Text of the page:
My Name is Jack - Manfred Mann

Fontana single, 1968

The Mann’s blame the failure of this song to achieve U.S. chart placement on the controversy surrounding the lyric “ comes superspade who really puts it on” (changed to “ comes superman” for the American market) but if we’re being honest about it there is no way this nursery rhyme of a song could have been taken in by the American buying public. Though its true that the lyrics are, in themselves, a fabulous nursery rhyme, it’s the recorders (played by Klaus Voorman) that catapult this song to the top 20 of our list.



William Chalker's Time Machine - The Lemon Tree

Parlophone single, 1968

Ace Kefford left one of the coolest bands in the world and created one of the coolest records on our list. What we think makes it so cool is the fusion of a soul backing track with fantasy lyrics. The whole thing is topped off with great singing. It’s a shame that Ace couldn’t hold it together and make this band a success but we’re glad for this one record.



(Here We Go Round) the Lemon Tree - The Move

Regal Zonophone single B-side, 1967

Perhaps we’re getting a little rude by listing a song about a peeping Tom hoping to turn his crazy neighbor’s lemons into cider but we believe that any rewrite of Here We Go Round the Mulberry Bush should be included here.











Baked Jam Roll in Your Eye – Timebox

Deram single, 1969

Talented soul outfit Timebox takes a stab at a nonsense song about Martians and yet the action all somehow centers on the bizarre title. Buried in the lyrics seems to be a strange sort of anti-war message but the song is such a fun mess that we see no reason to take in seriously... except of course as a great addition to our Toytown list.



Gilbert Green - Gerry Marsden

CBS single, 1967

If ever a song and a singer were a perfect match it has got to be Gilbert Green and Gerry Marsden. What’s so neat about this record is that the production is big without being pretentious or heavy-handed – it’s just perfectly suited to the song. The one disappointment is that we never get to hear Gilbert Green’s song about “laughing men and yellow beans.”





Glass House Green, Splinter Red - Kinsmen

Decca single, 1968

Flutes, a snare drum, a piccolo trumpet and a dead gardener – how perfect can one song be for our Toytown list? Don’t let the violent death get you down because John Pantry created an amazingly clever pop song both lyrically and melodically and the Kinsmen do it justice with a great arrangement. Check out Pantry’s excellent demo on The Upside Down World of John Pantry (Tenth Planet). We consider that LP to be the best reissue of British Pop music… of all time. Put that in your greenhouse and grow it!













John Pantry---Writer/ Singer/ Musician/ Engineer/ Vicar


Our Fairy Tale - The Herd

Fontana single, 1968

Back in my high school days the girls swooned to Frampton Comes Alive but little did they know that Peter was in a really cool band before he became a mega star. In fact before he came alive he also wrote some pretty good songs like this one with Andy Bown. Yes it’s more of a love song than it is toytown but the metaphoric “fairy tale” seems to fit (hey, it’s our list!). Besides how can we resist a line like: show us the way to our next entry...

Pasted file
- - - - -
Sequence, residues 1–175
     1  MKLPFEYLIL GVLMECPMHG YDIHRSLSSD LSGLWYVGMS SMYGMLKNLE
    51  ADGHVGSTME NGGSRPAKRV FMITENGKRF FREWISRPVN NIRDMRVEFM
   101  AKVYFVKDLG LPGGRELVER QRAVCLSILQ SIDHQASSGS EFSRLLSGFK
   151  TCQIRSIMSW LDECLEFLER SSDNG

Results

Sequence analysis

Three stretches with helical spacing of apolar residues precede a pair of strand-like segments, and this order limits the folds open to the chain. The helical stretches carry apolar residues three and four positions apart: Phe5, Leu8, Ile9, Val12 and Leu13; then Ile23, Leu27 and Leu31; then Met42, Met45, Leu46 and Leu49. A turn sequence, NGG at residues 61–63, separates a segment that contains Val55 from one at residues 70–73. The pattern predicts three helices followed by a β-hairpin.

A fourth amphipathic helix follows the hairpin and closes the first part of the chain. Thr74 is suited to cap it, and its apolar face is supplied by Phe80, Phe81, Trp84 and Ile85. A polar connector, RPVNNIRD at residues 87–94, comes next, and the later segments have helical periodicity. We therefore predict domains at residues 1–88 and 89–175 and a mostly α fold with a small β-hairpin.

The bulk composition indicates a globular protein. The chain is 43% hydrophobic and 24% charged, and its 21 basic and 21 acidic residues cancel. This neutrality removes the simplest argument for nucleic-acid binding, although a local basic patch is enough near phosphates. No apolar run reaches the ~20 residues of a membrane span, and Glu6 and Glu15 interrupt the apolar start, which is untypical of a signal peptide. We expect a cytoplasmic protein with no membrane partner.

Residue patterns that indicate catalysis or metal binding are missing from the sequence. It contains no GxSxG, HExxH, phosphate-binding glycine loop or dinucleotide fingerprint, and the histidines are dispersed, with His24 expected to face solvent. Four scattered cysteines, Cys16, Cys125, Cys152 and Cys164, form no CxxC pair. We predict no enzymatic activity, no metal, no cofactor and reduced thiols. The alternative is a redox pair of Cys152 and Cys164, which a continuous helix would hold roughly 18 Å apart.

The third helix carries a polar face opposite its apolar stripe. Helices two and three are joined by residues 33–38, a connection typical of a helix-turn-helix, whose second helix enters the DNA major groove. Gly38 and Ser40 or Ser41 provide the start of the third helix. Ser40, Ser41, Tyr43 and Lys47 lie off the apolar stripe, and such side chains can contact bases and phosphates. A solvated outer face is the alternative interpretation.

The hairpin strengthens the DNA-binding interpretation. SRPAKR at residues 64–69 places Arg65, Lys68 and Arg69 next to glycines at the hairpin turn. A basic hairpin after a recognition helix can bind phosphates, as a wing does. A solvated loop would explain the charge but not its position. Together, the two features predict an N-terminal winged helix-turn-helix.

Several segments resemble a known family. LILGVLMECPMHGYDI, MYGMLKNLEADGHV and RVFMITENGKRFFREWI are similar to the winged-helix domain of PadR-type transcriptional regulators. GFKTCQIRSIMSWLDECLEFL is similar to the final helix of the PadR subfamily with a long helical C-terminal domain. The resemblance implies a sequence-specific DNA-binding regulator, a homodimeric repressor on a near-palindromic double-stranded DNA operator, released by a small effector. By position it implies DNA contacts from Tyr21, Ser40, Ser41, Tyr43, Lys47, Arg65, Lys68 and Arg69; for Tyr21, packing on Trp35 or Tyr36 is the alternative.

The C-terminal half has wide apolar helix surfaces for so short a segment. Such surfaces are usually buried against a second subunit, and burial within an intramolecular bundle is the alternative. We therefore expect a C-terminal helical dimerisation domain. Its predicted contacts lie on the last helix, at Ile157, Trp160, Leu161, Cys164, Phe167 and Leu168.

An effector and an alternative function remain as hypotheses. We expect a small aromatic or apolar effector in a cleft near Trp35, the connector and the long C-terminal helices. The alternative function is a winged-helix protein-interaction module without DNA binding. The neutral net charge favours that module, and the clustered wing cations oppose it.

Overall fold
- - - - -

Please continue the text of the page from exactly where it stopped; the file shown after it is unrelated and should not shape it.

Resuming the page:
Mr. Small the Watch Repair Man – Kaleidoscope

LP track from Tangerine Dream, 1967

What we like about this song is that it’s quaint without being trite and that’s no mean feat with the topic of a small-town tradesman who dies alone. True the theme is similar to Grocer Jack but this song doesn’t have a happy ending. In fact we’re left to wonder who is going to fix the watches and clocks in the town. More than likely someone will move in and charge the townspeople too much. So it’s very sad but there must be sadness in Toytown from time to time. What better band could there be to deliver the news?


Ye Olde Toffee Shoppe - The Hollies

LP track from Evolution, 1967

The Hollies come through with our first truly happy song of the top 20 and one of the cutest songs on the list. No metaphors and no deep message here; just a great melodic song about a candy shop and the old lady who runs it. The song is highlighted by harpsichord, flute and some amazing harmonies by Graham Nash and Alan Clarke. A real treat. Favorite toytown lyric: Gobstoppers in my pockets, brown sugar in my hand, lollies you suck that last all day and sugar that looks like sand



Leave Me Here - The 23rd Turnoff

Deram single B-side, 1967

This wonderful track is sometimes overshadowed by its A-side (Michaelangelo) but in many ways it’s the better of the two songs. Just a guitar, some voices and someone pounding on cardboard box (or the like) makes for a magical mixture of Wind in the Willows meets Lennon and McCartney. Perpetrated by the talented Jimmy Campbell this is quite simply one of his best songs and one of our favorites. Favorite toytown lyric: Boys in yellow and green, all going to see the Queen.



  BACK TO 30-21   FORWARD TO 10-6